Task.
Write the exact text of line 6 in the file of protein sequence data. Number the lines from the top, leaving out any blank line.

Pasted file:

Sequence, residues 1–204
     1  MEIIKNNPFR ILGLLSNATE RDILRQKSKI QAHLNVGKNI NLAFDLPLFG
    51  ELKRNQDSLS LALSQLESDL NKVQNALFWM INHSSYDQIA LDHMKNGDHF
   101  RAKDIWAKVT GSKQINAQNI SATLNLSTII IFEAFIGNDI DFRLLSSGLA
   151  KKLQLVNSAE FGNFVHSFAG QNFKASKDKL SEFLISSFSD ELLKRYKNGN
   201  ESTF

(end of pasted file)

   201  ESTF